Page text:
The New Zealand, US and world share markets have all had a great run in the last nine years, since the global financial crisis ended. Not only have annual returns been almost always positive — and often high — but in recent times New Zealand monthly returns have always been positive. The market has risen eerily smoothly.
Anyone moving their KiwiSaver money into a higher-risk fund over that period will have been glad — until perhaps the last couple of weeks rattled them. But as you note, only those who made the switch very recently will have seen their balance fall below what they put into the fund.
One of the recent switcher is your son. But still, his move — with just a third of his money after all — is probably a good one. In fact, if he’s not planning to spend the money on a first home in the next eight or ten years, he might want to move the rest of his money as well. Ditto his brother. Over the long term, the money is likely to grow considerably faster than in a conservative fund.
The two of them could follow the lead of today’s first correspondent, and make their move now, to take advantage of somewhat lower prices — assuming they are still lower by the time this column is in the paper.
But a lower risk strategy is to move money gradually — especially if it’s a large amount. Your sons might, for example, move a third of their money now, a third in six months, and the rest a year from now.
On your question about re-evaluating options, the recent volatility will give everyone in KiwiSaver a chance to see how they react to down markets.
Keep in mind that unless you are in a growth or aggressive fund — with most or all of your money in shares and perhaps property — the effects of a share price fall are watered down.
If you’re in a balanced fund, with about half shares, and the market drops 10 per cent your fund will drop about 5 per cent. In a conservative fund, it might be 2 or 3 per cent. And defensive funds should be unaffected by a share market drop.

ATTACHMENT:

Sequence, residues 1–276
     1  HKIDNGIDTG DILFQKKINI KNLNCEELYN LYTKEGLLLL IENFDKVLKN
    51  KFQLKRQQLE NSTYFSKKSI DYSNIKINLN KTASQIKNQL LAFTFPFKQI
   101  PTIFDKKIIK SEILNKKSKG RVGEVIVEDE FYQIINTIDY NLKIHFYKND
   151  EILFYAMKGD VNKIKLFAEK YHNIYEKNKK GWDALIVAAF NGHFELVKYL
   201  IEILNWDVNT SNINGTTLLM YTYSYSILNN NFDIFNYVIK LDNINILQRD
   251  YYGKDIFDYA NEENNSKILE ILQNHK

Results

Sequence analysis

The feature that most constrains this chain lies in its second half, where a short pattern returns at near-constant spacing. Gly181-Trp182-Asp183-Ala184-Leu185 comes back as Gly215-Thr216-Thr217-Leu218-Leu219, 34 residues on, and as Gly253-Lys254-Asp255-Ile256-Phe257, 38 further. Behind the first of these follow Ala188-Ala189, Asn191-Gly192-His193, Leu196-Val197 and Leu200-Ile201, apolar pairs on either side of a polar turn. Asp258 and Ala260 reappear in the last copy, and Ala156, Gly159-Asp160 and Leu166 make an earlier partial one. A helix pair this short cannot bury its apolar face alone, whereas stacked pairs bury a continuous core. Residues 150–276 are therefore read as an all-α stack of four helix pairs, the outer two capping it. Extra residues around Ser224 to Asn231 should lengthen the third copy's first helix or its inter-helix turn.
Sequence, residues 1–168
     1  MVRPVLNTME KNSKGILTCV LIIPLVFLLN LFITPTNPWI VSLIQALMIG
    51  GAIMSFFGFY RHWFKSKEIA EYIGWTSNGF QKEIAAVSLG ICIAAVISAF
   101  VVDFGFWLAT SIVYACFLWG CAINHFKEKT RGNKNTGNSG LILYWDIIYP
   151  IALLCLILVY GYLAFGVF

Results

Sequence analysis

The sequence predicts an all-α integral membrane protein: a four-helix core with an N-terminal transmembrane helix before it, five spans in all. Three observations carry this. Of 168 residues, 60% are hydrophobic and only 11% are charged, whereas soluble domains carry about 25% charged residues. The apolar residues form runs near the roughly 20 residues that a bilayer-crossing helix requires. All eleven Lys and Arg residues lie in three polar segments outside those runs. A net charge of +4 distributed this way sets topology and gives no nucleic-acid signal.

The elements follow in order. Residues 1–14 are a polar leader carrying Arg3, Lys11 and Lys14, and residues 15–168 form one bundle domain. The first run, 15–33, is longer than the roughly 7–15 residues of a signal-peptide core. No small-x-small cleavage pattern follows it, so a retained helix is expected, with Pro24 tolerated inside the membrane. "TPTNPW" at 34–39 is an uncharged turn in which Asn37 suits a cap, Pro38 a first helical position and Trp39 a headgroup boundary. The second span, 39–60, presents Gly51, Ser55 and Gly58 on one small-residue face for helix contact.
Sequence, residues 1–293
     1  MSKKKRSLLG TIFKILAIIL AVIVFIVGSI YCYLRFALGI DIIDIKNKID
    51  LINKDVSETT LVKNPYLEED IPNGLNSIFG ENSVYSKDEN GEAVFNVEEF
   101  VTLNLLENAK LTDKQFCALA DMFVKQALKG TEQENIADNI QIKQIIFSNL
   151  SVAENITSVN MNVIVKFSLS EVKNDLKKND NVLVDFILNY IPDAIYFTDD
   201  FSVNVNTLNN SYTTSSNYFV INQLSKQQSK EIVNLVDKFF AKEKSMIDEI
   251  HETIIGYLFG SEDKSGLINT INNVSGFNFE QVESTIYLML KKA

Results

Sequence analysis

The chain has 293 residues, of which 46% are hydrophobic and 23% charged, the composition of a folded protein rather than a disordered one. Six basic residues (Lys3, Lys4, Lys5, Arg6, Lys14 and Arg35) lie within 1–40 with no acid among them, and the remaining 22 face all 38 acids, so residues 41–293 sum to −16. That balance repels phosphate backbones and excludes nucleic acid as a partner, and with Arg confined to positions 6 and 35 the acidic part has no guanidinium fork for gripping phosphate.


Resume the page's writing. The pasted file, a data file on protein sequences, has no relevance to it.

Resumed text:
Still, if recent events have made you nervous, perhaps you should switch to a lower-risk fund. You’ll probably end up with less but have a smoother ride.
If you do that, though, please promise yourself you won’t switch back to a higher-risk fund when the market is growing. Frequent switchers tend to quit shares after they fall, and move back into shares after they rise. They almost always end up worse off than those who get into the right fund and stay put.
A KiwiSaver provider recently told me about a member of his scheme who complained because his return was minus 5 per cent for the year ending March 31 2017. It turned out that each month he had looked at fund returns, and moved to the fund that had performed best in the previous month. If he had stayed in his original fund, his return would have been 9.2 per cent.
QI am wondering if it might be wise to transfer my KiwiSaver money into a bank term deposit.
In spite of the KiwiSaver returns being higher, I wonder if this will continue. It seems ominous to me that the share market appears to be on shaky ground, and it may be that interest rates if they rise would yield a better return.
I am in a balanced KiwiSaver fund, have no immediate need for the money (though that could change), am 70 years old and have around $40,000 in the fund, which I no longer contribute to.
I would be interested in your opinion.
AI suspect you’re the sort of person I’m talking about above — someone who worries when the share market wobbles.
As I said, in a balanced KiwiSaver fund, the wobbles will be watered down. And if you’re not expecting to spend the money for, say, five years, it will probably grow faster than in term deposits.